Seeking that perfect blend
The ACC’s two newest head coaches, Al Golden at Miami and Randy Edsall at Maryland, both appeared to find the right mix of old and new when it came to the construction of their coaching staffs.
Though both talked at length about needing to change the culture at their respective programs, they also were careful to retain a few holdovers to maintain some continuity — which can be important in both alumni relations and recruiting.
Golden not only kept linebackers coach Micheal Barrow, who was an All-American at the school in 1992, but he also brought back former offensive line coach Art Kehoe. During a quarter-century in Coral Gables, Kehoe helped guide the Hurricanes to five national championships before being dismissed with several other assistants following the 2005 season.
Golden also retained longtime strength and conditioning coach Andreu Swasey, who is a Miami native and has a strong relationship with many former Hurricanes.
At Maryland, Edsall retained veteran offensive line coach Tom Brattan, who is in his 11th year at the school, and receivers coach Lee Hull, who will be in his fourth year.
The perils of uneven scheduling
In an era of continuing conference expansion and potential super-conferences, it’s probably pointless to complain about the flaws of uneven scheduling. But if the fans of Boston College were so inclined, they could find plenty of ammunition.
With the conference’s top running back and a dynamite defense, the Eagles could be legitimate contenders in the ACC’s Atlantic Division. But they certainly drew the short straw when it came to scheduling; two of their three Coastal Division opponents will be Virginia Tech and Miami, the top two teams in that division. Both of those games will be on the road, and both also will come on the heels of equally difficult road games — BC will travel to Blacksburg, Va., one game after playing at Clemson; and the Eagles will go to Miami one week after a non-conference game at Notre Dame.
For contrast, consider the schedule for Atlantic Division rival NC State. The Wolfpack’s three Coastal Division opponents will be Georgia Tech, North Carolina and Virginia — none of which finished above .500 in conference play last season.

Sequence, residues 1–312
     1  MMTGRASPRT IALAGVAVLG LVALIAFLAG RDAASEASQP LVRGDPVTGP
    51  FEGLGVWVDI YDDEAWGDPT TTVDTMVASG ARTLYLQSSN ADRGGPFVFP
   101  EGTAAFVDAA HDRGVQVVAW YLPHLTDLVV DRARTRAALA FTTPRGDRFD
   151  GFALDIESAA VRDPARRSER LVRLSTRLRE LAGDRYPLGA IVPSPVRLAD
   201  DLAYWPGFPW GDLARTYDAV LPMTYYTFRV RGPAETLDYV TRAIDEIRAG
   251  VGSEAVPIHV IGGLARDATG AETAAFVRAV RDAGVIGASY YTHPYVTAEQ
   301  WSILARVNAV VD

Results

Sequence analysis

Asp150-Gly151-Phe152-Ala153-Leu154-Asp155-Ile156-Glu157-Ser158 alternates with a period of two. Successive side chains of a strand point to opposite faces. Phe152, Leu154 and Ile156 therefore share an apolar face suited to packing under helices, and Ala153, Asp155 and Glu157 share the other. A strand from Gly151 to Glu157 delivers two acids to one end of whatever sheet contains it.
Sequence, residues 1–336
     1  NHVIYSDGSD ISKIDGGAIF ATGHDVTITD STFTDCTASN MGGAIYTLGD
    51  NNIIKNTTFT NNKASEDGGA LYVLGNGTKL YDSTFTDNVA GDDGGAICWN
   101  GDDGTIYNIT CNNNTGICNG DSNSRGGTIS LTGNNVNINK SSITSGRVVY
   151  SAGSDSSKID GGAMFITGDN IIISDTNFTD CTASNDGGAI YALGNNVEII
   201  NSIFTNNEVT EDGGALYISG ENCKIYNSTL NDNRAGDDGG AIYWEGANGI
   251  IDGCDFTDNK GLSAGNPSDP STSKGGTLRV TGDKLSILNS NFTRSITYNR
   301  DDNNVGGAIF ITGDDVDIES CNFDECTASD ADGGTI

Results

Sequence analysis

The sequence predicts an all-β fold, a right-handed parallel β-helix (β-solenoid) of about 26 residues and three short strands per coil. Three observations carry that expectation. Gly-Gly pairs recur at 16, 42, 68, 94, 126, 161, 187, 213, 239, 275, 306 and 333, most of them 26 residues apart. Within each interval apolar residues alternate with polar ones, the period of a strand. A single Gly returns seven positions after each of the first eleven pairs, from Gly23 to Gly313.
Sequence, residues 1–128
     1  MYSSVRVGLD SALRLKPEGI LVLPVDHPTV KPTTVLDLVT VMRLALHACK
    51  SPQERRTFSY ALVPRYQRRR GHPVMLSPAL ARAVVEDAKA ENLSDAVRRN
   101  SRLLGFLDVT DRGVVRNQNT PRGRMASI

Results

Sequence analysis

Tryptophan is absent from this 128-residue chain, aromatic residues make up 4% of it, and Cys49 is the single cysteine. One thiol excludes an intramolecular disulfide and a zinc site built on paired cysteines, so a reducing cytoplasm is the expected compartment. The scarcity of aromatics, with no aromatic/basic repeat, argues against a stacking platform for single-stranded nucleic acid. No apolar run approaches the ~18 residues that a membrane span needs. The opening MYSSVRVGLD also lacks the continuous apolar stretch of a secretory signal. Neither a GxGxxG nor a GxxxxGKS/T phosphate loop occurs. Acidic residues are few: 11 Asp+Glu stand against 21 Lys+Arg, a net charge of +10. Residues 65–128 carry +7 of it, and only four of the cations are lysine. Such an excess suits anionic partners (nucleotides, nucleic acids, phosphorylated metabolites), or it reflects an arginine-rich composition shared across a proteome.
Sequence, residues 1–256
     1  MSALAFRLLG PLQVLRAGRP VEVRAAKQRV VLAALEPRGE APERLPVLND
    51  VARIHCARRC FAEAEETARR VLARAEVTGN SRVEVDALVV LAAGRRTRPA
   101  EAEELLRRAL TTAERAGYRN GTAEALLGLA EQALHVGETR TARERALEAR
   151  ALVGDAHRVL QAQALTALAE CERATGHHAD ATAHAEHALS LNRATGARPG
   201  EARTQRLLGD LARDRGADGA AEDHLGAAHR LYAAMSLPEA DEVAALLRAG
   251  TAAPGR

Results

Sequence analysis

Making the rounds
Maryland running backs coach Andre Powell, who worked the last four seasons at Clemson, is just one of many assistant coaches to make the move from one ACC school to another — and he’s no stranger to the practice. Powell coached at North Carolina and Virginia earlier in his career.
Then there are others like NC State linebackers coach Jon Tenuta, who have seemingly been everywhere in the conference. Earlier this decade, Tenuta enjoyed a successful run as defensive coordinator at Georgia Tech. He held the same position at North Carolina before that, and he started his career as a graduate assistant at both Virginia and Maryland.
It didn’t work so well for Bobby Bowden or Al Groh, but Virginia Tech coach Frank Beamer apparently didn’t hesitate to bring son Shane onto his staff this offseason. The younger Beamer, who spent the past four seasons at South Carolina, will coach running backs.
Groh hired his son, Mike, as an assistant at Virginia in 2001 and later promoted him to offensive coordinator. The younger Groh was eventually dismissed following the 2008 season, and his father was fired the next year.
Bowden hired his youngest son, Jeff, as a receivers coach and later promoted him to offensive coordinator. Jeff Bowden resigned under pressure late in the 2006 season, and his father was pushed out three years later.